So it’s wiser to expect other people who you don’t quite know yet to be nice to you. Expect the best in others because that way they will more likely behave the way you want them to behave. Have positive expectations in your mind regarding how you’ll interact with others and turn the self-fulfilling prophecy to your advantage! Just sit down and talk with people and expect them to be pleasant, friendly and helpful. Expect your interactions with people to go well. Everyone should be assumed as good unless proven otherwise. Trust in the best in humankind. Be friendly and nice to strangers and they will tend to respond in furry kind to you!


Expect your interactions with others to be enjoyable, interesting, lucky, fruitful, happy and successful before you contact or meet them (even when you call customer services about a complaint – the agent who picks up your call will likely be someone unfamiliar with your case and will be more willing to help a reasonable and polite person). Focus on the person and believe they will be positive towards you and will say the right things to you. Positive expectations motivate the best in people (e.g. don’t automatically assume a new employee will be work-shy because you purport to know ‘their sort of people’ – that hardly motivates them to care to work hard). So expect others to be productive and competent. Expect your meetings to be successful and profitable.


It might not work but you’ll have given it the best chance of bringing the best out from others – or really in many cases – you’ll have given yourself the best chance of bringing the best out from yourself regarding how you’ll behave towards others, which in turn will encourage them to treat you well in return. This is because when we label or prejudge other people with positive attributes, we will subconsciously or consciously treat them with positivity, and vice-versa (e.g. we’re less likely to smile at someone we’ve prejudged as unfriendly and so why would they want to smile back at you?) The other party will subconsciously or consciously pick up on your behaviour and reciprocate.


Also, never judge yourself as anything negative regarding anything that matters, especially based on how you think you look in the mirror (e.g. thinking that you’re no good for anyone or anything because of the way you look), otherwise you may go down the subconscious route of self-fulfilling your own stifling prophecies. People with anorexia, as well as those who are obese, and everyone else inbetween, should ignore the mirror and start to focus on what matters and what’s real i.e. what’s inside and how they ultimately perform. We can criticise our behaviours (e.g. that we didn’t put in enough effort to eat more healthily over the past few years) but we shouldn’t label ourselves with traits as if they’re permanent and cannot be changed through a change in behaviours (e.g. that we’re ugly). Don’t label yourself as someone who cannot do something when you haven’t even tried it (and tried it again).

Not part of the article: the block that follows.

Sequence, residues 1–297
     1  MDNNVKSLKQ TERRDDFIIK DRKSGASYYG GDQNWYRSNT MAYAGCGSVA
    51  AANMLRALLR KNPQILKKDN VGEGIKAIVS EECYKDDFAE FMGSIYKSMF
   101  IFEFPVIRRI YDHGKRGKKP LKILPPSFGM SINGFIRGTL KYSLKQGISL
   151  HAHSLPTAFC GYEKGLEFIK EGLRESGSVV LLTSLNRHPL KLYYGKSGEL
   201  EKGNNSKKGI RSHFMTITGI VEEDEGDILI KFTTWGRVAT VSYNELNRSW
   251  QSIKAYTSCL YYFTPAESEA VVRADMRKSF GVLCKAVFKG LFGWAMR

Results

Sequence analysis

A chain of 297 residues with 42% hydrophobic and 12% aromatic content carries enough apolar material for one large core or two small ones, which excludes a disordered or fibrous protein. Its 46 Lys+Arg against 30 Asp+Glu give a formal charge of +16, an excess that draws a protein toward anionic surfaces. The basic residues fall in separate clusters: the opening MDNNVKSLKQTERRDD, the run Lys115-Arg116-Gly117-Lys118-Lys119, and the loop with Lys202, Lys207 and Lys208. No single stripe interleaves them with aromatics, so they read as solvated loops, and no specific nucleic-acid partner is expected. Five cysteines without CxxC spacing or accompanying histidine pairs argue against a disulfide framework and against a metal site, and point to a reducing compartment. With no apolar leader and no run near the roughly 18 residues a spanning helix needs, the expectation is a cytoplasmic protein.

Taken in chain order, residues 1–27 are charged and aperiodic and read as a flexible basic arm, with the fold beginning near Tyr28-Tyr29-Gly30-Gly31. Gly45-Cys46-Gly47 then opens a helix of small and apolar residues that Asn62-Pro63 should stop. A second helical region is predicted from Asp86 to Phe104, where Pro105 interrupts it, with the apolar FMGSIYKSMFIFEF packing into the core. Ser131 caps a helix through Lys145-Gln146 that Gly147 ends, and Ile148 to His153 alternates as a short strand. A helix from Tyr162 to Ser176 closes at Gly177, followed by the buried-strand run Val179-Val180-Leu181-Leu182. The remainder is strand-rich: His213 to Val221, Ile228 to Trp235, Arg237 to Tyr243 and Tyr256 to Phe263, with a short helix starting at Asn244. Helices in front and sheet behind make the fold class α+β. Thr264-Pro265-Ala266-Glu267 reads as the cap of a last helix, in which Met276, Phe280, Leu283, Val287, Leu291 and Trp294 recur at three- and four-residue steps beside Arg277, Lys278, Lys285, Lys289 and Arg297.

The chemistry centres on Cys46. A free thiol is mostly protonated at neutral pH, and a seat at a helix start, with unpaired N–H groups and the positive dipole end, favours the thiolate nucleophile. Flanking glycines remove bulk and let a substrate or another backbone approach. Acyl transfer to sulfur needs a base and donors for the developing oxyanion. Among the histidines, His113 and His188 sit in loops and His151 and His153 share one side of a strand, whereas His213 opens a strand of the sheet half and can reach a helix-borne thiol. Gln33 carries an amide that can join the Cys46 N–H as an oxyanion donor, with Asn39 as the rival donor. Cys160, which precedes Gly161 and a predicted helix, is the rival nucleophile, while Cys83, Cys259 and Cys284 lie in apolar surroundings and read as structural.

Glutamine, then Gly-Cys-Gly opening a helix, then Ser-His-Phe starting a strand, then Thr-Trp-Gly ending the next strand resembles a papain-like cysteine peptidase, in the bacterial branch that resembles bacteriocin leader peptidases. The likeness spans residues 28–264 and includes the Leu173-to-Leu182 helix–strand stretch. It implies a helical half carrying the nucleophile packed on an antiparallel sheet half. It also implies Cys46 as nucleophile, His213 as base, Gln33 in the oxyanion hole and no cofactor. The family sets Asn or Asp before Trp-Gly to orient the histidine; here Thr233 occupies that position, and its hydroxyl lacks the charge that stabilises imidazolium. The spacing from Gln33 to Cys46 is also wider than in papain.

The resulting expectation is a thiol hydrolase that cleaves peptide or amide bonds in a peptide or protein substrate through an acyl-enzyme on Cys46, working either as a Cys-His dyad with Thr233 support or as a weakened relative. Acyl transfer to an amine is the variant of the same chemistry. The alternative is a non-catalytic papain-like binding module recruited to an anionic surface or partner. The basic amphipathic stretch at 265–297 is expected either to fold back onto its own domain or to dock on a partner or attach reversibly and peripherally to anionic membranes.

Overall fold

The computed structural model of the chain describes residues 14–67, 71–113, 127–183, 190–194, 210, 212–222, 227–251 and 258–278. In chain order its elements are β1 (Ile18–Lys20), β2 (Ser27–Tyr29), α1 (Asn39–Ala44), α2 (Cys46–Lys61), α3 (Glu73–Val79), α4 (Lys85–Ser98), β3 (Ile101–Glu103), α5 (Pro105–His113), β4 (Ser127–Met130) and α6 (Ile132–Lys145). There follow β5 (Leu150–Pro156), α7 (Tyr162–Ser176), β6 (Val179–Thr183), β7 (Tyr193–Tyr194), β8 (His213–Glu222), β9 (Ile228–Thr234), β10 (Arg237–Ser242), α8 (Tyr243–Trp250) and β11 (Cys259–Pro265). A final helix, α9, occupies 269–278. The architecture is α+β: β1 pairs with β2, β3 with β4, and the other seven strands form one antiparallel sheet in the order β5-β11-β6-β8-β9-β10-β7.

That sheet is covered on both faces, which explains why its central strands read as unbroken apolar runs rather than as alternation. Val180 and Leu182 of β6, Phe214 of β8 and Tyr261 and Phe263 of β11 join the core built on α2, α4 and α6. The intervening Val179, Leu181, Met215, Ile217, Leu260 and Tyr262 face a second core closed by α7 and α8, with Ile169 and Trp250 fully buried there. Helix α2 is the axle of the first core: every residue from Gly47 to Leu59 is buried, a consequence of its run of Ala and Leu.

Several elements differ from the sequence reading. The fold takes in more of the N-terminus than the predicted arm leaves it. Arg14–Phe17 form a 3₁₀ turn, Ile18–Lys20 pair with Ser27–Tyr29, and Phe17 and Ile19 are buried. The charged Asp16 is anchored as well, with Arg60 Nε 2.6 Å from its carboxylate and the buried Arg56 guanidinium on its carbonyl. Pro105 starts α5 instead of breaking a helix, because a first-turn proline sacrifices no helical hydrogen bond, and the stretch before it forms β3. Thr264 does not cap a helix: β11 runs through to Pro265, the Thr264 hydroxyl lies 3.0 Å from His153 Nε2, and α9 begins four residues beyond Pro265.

Now this doesn’t mean arrogantly fantasising and labelling yourself as ‘the best salesperson in the world’ when you’re not, for instance(!) It largely means avoiding placing generalised labels on people altogether. Even a positive label can sometimes be harmful – if someone doesn’t match up to it then it can make them feel like a failure and that’ll dent their (fraudulent or delusional) self-concept. It could also make someone bigheaded or incentivise them to cheat in order to maintain the label and public reputation. Some things are down to environmental or external factors rather than what a person can realistically do in that environment so we cannot always control our own outcomes – but we can control our own efforts and that’s what needs to be identified and praised.


Woof! I will admit that it can be a very difficult habit to break but, whether positive or negative, try to judge and label the behaviour rather than the person.